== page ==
Eastern Airlines filed for protection from creditors in bankruptcy court today, on the sixth day of a bitter strike by machinists that virtually shut down the nation’s seventh-largest carrier and cost it up to $7 million a day.
The filing under Chapter 11 in U.S. Bankruptcy Court in New York is designed to give tottering Eastern a reprieve from bills and debts while it tries to restructure and extricate itself from the worst crisis in the history of the 60-year-old airline.
“The bankruptcy process will assist Eastern in rebuilding itself,” Eastern President Phil Bakes told a packed and tense news conference. “We shouldn’t look at this as a death warrant for Eastern,” he added.
Eastern boss Frank Lorenzo said the animosity many union leaders have expressed toward him have “hurt my family and me.”
“But I suggest that the intensive focus on a single person does a real gross injustice to the real issues that are at stake in airline deregulation and, indeed, in our business climate today,” he said.
“The issue is fundamentally whether a troubled and sick business in a competitive marketplace should be allowed to change itself and manage its survival for the benefit of all its constituencies, its employees and their families, its suppliers, its investors, the communities we serve and, of course, the traveling public and our customers,” he said.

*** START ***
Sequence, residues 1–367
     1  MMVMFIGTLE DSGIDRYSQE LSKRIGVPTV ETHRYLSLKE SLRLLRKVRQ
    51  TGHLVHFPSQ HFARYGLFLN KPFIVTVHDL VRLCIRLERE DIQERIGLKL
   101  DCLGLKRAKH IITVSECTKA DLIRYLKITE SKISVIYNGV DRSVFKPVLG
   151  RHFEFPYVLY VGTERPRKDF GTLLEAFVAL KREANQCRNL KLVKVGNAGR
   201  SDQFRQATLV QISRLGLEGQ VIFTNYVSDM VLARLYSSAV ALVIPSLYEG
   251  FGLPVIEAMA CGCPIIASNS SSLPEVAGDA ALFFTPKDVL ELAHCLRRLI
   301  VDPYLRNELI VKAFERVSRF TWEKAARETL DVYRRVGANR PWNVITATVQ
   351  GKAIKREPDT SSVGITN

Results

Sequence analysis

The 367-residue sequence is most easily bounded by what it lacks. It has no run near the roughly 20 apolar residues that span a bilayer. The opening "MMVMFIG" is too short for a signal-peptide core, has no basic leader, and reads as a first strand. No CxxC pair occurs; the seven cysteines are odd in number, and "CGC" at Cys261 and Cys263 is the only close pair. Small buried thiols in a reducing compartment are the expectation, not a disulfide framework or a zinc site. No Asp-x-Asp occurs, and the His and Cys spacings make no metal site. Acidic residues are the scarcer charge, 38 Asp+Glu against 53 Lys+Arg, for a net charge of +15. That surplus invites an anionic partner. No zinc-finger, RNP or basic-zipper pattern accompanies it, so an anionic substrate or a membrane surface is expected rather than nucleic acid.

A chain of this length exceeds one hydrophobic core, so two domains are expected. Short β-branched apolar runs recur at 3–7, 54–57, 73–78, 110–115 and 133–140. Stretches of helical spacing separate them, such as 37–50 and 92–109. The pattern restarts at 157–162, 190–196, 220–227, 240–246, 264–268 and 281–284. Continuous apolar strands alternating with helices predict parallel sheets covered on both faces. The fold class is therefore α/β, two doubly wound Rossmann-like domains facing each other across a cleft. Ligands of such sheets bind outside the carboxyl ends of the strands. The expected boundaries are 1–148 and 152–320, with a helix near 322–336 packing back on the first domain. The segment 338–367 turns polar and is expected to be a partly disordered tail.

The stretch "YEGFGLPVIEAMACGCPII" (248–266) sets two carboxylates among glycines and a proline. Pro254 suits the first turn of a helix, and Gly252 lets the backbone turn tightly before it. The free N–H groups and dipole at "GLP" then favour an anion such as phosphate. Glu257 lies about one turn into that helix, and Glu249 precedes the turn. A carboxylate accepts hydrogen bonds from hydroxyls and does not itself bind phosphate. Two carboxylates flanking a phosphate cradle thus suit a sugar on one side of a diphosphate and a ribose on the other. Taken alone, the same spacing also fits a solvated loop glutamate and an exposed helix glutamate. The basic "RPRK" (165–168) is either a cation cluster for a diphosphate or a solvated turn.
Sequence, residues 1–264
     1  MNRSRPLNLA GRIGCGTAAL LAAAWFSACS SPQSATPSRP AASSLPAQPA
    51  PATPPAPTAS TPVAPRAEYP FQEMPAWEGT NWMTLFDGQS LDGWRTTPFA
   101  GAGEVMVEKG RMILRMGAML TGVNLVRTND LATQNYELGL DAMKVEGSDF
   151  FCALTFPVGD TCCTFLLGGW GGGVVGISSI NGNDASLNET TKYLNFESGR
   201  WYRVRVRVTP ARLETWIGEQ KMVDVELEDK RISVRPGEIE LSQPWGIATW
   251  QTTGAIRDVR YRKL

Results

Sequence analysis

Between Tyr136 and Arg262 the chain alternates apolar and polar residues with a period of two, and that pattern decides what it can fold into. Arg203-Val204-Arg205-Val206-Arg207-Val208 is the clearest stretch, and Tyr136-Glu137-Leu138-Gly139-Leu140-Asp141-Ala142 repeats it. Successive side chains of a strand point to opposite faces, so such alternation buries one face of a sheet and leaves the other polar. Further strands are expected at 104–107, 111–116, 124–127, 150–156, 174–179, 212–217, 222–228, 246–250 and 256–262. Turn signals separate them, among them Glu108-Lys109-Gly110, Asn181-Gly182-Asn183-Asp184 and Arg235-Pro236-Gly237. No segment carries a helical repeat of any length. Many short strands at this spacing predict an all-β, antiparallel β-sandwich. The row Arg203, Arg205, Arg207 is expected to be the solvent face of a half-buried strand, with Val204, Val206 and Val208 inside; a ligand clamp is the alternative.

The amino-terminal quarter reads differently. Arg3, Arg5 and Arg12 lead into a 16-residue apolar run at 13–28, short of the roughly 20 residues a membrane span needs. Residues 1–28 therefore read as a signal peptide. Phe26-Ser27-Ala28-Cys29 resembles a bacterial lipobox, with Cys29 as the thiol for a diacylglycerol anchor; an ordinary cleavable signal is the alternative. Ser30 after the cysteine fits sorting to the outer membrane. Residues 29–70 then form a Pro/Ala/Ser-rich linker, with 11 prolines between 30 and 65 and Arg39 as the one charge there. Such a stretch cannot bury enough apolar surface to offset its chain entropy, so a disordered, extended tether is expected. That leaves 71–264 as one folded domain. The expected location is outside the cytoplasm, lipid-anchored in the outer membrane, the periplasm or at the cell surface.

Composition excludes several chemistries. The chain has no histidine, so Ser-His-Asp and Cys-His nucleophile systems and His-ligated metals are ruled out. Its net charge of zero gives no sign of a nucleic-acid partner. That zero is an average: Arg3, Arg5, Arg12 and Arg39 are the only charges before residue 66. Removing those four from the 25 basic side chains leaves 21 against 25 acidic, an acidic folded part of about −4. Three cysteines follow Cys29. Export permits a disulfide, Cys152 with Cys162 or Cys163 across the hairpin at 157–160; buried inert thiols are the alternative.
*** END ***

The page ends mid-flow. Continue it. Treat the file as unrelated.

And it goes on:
The head of the machinists’ union at Eastern, Charles Bryan, said in Miami: “Frank Lorenzo did not bring anything into the airline industry, Frank Lorenzo has extracted everything he has, his fortune, from the backs and the suffering of thousands and thousands of employees throughout the airline industry.”
Eastern’s labor leaders said they believed that Lorenzo would try to use the protection of bankruptcy proceedings to break the unions. Lorenzo earned the hatred of organized labor when he took Continental Airlines into bankruptcy in 1983, threw out its union contracts and revived the carrier as a non-union operator.
However, Lorenzo, chairman of Eastern parent Texas Air Corp., would have a tougher time imposing lower wages on the unions than he did when he reorganized Continental. Congress amended federal laws in 1984 to require bankrupt companies to negotiate with unions and prove economic necessity before abrogating their contracts.
Lorenzo denied today that bankruptcy is part of a plan to break the unions.
“I never thought we would be here today,” he said.
Eastern, running just 4% of its flights with a skeleton crew of 1,500, had warned that it could end up in bankruptcy court by week’s end if pilots continued to honor picket lines. Analysts’ estimates of the carrier’s daily losses have ranged from $2 million to $7 million.
Bakes said Eastern faces a “cash crisis that can only be averted and stabilized by” turning to the bankruptcy court. But he said the airline intended to continue to operate and to “prudently but unmistakably” restore routes as its financial situation is resolved.